This is a suite of blog posts explaining how we snapped Ubuntu Make which is a complex software study case with deep interactions with the system. For more background on this, please refer to our first blog post. For how we got here, have a look at the last blog post.
Testing on 14.04 LTS
Ok, we now have a working classic snap on 16.04 LTS. However, we saw that a word of caution needs to be taken care of due to the way classic snaps enable us to access the system.
Starting Ubuntu Make on a 14.04 LTS vanilla virtual machine, triggering a framework installing package got us to a segfault. I was expecting that one and didn’t sweat at least. :) Indeed, between 14.04 and 16.04, a gcc ABI transition occurred for C++ libraries. The apt python binding is using the libapt C++ binary, so using the compiled 16.04 version on 14.04 couldn’t possibly work.
The fix was thus just to add libstdc++6 to our stage-packages list.
Something should be puzzling though: this library is a dependency of libapt-pkg5.0 which we got from python3-apt, why isn’t that one staged by
snapcraft as other depdencies for us thus? Actually, snapcraft is filtering the base dependencies like libc and standard c++ debian packages which are expected to be installed on any linux distribution to avoid that binary duplication.
This is really similar to default golang code compilation when some cgo is used: the static binary doesn’t include the base library like libc:
$ ldd go-binary linux-vdso.so.1 => (0x00007ffd0d3d7000) libpthread.so.0 => /lib/x86_64-linux-gnu/libpthread.so.0 (0x00007fa22e594000) libc.so.6 => /lib/x86_64-linux-gnu/libc.so.6 (0x00007fa22e1cb000) /lib64/ld-linux-x86-64.so.2 (0x000055b6be100000)
And so, we have to statically link them explicitly in Golang, at the price of binary size:
$ go build --ldflags '-linkmode external -extldflags "-static"' $ ldd go-binary not a dynamic executable
Most of the time, it’s working well for strictly or devmode confined snaps as they are reusing those base binaries from the core snap, which has the compatible versions. However, classic is once again a different world: you need to care about that yourself and don’t have access to that core snap. This is why, by explicitly declaring it in our yaml file, we do inform snapcraft that we really want to include those packages. Then, our wrapper we discussed on the previous blog post, via the LD_LIBRARY_PATH override, will pick them over.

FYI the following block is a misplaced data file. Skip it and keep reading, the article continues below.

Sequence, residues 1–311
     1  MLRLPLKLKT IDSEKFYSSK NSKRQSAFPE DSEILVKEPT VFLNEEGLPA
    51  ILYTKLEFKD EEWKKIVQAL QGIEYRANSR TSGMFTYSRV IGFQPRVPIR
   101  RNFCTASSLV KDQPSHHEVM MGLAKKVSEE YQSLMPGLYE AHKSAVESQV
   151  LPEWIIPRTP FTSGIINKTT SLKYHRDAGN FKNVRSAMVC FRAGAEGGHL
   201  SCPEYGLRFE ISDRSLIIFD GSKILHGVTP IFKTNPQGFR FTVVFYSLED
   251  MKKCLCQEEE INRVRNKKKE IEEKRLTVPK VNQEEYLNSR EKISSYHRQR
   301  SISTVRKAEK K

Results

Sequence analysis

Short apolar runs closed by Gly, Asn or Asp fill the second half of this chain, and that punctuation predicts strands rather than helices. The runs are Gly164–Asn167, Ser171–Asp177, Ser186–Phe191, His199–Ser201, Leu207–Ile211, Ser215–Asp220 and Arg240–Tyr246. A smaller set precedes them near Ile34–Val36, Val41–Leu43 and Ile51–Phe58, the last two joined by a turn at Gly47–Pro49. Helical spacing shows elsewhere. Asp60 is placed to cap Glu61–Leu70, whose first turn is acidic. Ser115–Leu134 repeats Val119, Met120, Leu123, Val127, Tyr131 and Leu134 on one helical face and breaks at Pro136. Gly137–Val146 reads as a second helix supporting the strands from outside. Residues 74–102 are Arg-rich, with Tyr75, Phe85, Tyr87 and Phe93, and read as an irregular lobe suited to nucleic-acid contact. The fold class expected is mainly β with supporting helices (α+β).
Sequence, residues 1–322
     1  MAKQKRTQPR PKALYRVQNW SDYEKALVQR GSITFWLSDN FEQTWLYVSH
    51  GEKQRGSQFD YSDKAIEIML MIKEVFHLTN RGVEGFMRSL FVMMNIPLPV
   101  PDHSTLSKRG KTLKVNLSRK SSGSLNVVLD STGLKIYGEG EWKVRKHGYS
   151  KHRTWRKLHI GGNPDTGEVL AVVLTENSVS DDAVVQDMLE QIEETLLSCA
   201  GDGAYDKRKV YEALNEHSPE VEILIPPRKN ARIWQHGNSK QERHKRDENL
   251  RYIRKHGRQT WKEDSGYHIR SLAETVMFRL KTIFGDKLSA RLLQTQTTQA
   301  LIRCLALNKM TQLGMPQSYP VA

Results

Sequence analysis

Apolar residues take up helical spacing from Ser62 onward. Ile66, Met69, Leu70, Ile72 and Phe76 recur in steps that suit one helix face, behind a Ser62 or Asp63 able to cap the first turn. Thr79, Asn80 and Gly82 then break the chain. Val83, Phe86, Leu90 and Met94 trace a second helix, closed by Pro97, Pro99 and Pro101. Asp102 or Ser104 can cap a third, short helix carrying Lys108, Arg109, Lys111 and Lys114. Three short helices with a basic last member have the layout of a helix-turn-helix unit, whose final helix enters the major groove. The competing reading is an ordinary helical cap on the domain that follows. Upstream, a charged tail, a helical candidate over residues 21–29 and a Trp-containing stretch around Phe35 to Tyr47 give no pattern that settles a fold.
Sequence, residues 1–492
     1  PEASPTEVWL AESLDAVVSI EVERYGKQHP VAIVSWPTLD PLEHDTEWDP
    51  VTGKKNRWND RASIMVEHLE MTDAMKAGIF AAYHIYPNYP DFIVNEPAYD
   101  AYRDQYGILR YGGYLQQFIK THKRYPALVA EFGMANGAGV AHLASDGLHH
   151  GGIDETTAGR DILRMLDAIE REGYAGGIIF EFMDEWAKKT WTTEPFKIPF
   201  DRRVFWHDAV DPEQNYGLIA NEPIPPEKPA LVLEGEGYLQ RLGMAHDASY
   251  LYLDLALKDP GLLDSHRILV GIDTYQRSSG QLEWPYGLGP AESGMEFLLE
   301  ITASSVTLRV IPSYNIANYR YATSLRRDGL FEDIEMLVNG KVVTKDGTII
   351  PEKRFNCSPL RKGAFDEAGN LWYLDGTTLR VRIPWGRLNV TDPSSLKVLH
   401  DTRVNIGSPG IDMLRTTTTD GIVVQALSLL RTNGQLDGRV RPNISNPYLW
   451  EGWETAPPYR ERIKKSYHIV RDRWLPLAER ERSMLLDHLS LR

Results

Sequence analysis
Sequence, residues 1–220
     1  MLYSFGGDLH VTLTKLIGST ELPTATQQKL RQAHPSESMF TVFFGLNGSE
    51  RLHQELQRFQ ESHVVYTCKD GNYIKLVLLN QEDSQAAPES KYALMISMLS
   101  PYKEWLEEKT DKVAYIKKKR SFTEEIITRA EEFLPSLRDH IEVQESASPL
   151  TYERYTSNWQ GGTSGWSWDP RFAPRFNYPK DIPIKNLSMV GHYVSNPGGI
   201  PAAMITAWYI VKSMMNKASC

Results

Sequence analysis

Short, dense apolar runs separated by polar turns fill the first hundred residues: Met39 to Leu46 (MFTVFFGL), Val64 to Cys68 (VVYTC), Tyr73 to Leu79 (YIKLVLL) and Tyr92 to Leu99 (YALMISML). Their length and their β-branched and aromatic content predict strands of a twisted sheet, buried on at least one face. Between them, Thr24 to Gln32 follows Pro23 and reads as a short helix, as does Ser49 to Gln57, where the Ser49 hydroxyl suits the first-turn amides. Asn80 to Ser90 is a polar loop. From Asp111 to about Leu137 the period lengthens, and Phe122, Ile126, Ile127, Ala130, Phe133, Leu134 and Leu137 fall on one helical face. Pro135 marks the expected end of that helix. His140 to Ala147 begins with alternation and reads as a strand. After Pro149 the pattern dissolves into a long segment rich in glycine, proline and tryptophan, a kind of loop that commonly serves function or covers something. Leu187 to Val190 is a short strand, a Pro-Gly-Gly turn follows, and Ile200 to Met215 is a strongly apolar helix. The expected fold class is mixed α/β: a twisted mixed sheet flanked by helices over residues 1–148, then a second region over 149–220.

That was the only change needed for 14.04.
Testing on 17.04
David tested on 17.04, and due to ABI transitions, we needed to add some more libraries to ship as those ones. For the exact same reason than for 14.04, as classic snap don’t rely on the core snap, we needed to ship more libraries that will be picked up by the wrapper. But that was mostly it.
Of course, we did a quick test run back on 16.04 LTS, and all was still working as expected.
Now that we have a classic snap working on every ubuntu versions, it was high time to fire up a continuous delivery machine! We already have travis-ci setup for our integration tests. However, we do want to produce a snap for every architectures and not only amd64 as Ubuntu Make is used on those.
build.snapcraft.io is the perfect match: pick your github repo and branch and get a snap build on multiple architectures, uploaded to the store on your behalf.
It was just a question of clicking and setting things up in a few minutes, and here we go! From commit in master to having the snap delivered in the edge channel is just a question of minutes! We can then ask for the bug reporter to test the fix or the new feature in less than half an hour in some case! Small and efficient tight loop delivery pipeline for the win.
We even got a badge added to our README.md to link users to our snap being the latest master. Asking people to test latest and greatest few minutes after committing a fix has never being easier!
Of course, there is still some small fixes needed on this service, like no way to retrigger a build or some issues on the badge status, but I’m sure those will be fixed once the service gets out of beta.
A handy feature to triage bugs is to know which version of the code the user currently running on. I thus did change slightely the upstream code logic for detecting snap version and print out as part of
umake --version, SNAP_REVISION coming from snap run. The tests have been, of course, updated accordingly.
That way, we can know that people run from a snap and which exact revision they landed on when they file an issue.
The snap is functionally equivalent to the deb, just faster to deliver! The only gotcha is the lack of shell completion support (reported as bug #1689578 in snapcraft). One way to workaround it would probably be to have an
umake enable-completion command which will install that files in the user’s directory or just wait for the incoming feature to be delivered (soon).
In a nutshell
Our Ubuntu Make classic snap enables us to deliver an up to date version, a single binary snap compatible with any ubuntu version supporting snapd, always freshly delivered from our master upstream branch. It’s a great way for us to quickly deliver fixes and get people to test some experimental changes in the edge snapd channel. No release management needed, nobody preventing quick and easy delivery to our users.
Also, even if we ship a bunch of dependencies in our snap, diff update mitigate those issues, and when you remove the Ubuntu Make snap from your system (but why would you do that?), all of them are purged as part of the snap. No leftover!
I’m really glad we made this move to a classic Ubuntu Make snap, and you can see it yourself by just issuing
snap install --classic ubuntu-make and using the